Jaguar Land Rover to lose 500 jobs at Halewood in ‘efficiencies’ drive

Jaguar Land Rover

Hundreds of jobs are being shed at the Range Rover Evoque factory at Halewood on Merseyside as the recession in the British motor industry bites.

About 500 jobs are being cut at the plant, which employs 4,000 people and also makes the Land Rover Discovery Sport.

Over the past two years Jaguar Land Rover has made 6,000 people redundant, paring its workforce back to 34,000. Most of those jobs went in the West Midlands and at its headquarters in Coventry.

The company has suffered as motorists turn their backs on diesel, the fuel that not long ago drove 90 per cent of Jaguar Land Rover’s vehicles.

The company enjoyed rapid growth after it was acquired in 2008 by the interests of Sir Ratan Tata, the Indian billionaire. However, its car production slumped by 15 per cent in 2018 and its sales fell by 6 per cent to 557,000 vehicles last year.

The company, whose parent Tata Motors is listed in Bombay, said that it was cutting the third of its three daily shifts at Halewood from April.

Jaguar Land Rover is Britain’s biggest automotive employer and its factories — at Halewood, Solihull and Castle Bromwich in Birmingham and its engine plant at Wolverhampton — vie with Nissan in Sunderland for the title Britain’s largest car producer. Between the two companies, they produce more than two thirds of cars coming off UK assembly lines.

The company was created after the Land Rover and Jaguar businesses were bought by Ford, of the United States, to become part of its premier automotive group. Jaguar, which traces its history back to the pre-Second World War Swallow Sidecar company and its unfortunate SS insignia, had been taken off the London stock market in 1990, while Land Rover was acquired by Ford a decade later from BMW during the break-up of Rover Group.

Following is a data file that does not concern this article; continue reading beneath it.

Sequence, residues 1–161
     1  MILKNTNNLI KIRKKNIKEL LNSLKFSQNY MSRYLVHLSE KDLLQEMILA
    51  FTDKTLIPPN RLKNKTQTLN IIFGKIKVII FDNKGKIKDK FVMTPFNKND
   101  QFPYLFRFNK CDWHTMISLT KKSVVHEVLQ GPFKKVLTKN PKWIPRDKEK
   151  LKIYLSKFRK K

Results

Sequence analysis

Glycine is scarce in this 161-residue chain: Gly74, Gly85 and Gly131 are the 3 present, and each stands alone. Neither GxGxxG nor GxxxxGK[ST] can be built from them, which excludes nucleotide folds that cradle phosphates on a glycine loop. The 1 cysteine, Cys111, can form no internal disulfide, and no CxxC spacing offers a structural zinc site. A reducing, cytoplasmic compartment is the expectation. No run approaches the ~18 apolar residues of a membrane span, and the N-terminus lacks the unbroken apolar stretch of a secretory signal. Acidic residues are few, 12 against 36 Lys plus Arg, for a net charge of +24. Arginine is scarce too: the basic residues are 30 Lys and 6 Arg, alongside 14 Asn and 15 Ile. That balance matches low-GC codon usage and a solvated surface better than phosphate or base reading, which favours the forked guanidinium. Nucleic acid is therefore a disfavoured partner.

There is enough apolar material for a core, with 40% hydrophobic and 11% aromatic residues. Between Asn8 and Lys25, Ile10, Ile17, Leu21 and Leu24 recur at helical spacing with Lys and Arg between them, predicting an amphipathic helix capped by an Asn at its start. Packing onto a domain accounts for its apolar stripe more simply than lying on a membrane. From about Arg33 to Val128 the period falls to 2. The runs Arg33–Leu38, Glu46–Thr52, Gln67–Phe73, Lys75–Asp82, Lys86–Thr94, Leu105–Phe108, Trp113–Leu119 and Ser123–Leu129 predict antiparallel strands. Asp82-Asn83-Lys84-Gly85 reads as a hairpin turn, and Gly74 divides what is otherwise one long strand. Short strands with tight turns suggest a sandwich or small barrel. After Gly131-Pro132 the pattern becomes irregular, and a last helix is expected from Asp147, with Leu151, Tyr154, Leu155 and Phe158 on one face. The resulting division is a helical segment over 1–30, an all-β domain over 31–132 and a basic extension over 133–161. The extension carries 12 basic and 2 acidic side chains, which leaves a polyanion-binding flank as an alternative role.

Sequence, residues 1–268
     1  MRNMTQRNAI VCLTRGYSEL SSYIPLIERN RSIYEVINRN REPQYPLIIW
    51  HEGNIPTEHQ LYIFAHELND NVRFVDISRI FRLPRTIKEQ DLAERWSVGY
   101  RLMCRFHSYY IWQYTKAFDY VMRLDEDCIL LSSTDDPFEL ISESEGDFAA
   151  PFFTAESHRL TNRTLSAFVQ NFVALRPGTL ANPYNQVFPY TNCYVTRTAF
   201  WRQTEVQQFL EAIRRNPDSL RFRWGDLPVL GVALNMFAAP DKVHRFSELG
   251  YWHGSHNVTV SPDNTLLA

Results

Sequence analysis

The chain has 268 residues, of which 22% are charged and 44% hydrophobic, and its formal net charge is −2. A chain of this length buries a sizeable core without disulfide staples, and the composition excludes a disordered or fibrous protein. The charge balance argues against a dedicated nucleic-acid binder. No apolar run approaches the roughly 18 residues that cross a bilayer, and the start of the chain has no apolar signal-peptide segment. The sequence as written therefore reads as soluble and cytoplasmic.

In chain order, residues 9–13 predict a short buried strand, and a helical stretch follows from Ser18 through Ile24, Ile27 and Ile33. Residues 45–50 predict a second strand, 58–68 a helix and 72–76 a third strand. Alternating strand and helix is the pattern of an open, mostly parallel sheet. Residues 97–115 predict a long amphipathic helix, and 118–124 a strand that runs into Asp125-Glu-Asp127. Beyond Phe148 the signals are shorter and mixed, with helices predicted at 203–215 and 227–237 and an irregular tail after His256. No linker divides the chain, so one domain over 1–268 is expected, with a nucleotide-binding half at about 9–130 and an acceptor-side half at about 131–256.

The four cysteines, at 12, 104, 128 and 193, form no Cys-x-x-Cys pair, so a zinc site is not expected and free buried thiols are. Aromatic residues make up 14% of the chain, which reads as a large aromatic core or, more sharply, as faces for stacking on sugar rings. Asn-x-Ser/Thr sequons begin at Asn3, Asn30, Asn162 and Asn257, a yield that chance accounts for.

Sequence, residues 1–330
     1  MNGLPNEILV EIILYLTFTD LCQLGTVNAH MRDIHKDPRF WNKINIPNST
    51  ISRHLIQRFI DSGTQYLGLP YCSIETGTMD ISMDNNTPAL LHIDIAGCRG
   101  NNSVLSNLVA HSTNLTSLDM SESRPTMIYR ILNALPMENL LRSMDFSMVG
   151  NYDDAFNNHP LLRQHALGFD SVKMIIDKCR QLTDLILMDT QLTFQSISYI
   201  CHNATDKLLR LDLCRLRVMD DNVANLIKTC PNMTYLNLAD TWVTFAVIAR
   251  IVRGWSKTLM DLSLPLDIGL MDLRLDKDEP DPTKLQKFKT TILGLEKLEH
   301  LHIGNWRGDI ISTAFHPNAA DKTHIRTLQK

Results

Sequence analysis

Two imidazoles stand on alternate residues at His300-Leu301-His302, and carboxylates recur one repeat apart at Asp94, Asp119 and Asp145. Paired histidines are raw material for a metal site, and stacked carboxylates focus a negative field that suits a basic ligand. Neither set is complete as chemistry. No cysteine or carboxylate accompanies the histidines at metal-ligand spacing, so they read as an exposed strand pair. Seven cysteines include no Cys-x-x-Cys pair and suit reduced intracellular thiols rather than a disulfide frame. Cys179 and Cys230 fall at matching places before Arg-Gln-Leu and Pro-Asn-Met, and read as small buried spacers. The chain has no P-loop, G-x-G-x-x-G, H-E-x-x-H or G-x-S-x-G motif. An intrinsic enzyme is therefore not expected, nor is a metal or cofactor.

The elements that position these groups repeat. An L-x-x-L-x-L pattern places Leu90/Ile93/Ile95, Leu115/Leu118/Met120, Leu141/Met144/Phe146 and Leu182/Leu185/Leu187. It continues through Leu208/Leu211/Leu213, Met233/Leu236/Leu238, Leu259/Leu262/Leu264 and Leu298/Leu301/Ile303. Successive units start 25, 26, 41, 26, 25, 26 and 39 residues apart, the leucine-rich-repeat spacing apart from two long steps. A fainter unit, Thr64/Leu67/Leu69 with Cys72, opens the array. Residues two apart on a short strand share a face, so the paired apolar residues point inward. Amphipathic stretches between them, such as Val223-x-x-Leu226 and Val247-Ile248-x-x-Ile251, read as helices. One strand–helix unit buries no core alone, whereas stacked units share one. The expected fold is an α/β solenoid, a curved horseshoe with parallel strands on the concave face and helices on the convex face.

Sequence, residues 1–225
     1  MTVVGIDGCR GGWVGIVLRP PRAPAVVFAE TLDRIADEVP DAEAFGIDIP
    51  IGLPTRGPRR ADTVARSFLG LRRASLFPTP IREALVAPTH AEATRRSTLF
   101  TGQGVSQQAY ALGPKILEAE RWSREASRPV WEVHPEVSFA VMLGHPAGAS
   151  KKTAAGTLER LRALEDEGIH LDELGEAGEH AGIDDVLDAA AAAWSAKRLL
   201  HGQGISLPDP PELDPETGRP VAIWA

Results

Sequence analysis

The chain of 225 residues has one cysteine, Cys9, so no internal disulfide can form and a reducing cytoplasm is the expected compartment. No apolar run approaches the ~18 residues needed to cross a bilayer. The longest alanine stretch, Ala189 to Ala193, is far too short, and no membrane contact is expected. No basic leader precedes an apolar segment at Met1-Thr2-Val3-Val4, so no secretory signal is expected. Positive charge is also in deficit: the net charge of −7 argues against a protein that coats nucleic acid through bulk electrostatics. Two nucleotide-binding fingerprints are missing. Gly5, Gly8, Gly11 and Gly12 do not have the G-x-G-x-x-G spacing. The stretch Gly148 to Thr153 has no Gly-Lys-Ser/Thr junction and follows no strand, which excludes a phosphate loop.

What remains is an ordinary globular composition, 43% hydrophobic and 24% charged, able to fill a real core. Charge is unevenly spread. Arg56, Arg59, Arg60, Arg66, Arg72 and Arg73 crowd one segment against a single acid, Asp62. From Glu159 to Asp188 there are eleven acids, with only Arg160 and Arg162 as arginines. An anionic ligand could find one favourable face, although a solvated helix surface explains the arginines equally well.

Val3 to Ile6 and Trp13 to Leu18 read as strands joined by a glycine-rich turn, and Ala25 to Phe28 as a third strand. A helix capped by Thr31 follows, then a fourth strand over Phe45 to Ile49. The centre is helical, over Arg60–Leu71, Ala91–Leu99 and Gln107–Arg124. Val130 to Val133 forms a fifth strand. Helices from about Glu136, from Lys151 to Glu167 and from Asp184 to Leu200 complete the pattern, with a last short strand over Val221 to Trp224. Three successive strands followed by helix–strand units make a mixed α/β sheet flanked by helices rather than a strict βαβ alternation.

Jaguar and Land Rover were taken over by Tata in 2008 for a knockdown £1.15 billion amid the dispersal of Ford’s non-homemade brands, which included the sale of other acquired companies such as Aston Martin and Volvo. After expanding rapidly under Sir Ralf Speth, its chief executive, the wheels came off. Last year Jaguar Land Rover reported record losses of £3.6 billion.

The company insisted that the Halewood lay-offs were not about cutting volumes. “This will deliver significant operating efficiencies at the plant, while enabling us to meet the growing customer demand for our new Range Rover Evoque and Land Rover Discovery Sport,” a spokesman said.

A new version of the £31,000 Evoque, the bestseller in the Range Rover-Land Rover stable, was launched last year and the £31,000 Discovery Sport has undergone a “refresh”.

Unite, the union, contested the company’s claims, saying that the job cuts were a response to a slower rate of growth for the Evoque and the Discovery Sport than had been forecast.

The UK car industry is struggling. About 5,000 jobs will be lost with the closure of Honda’s factory in Swindon and Ford’s engine plant in south Wales.

“This is a further blow to the UK car industry in general and to our members at Halewood in particular,” Des Quinn, Unite’s national officer, said.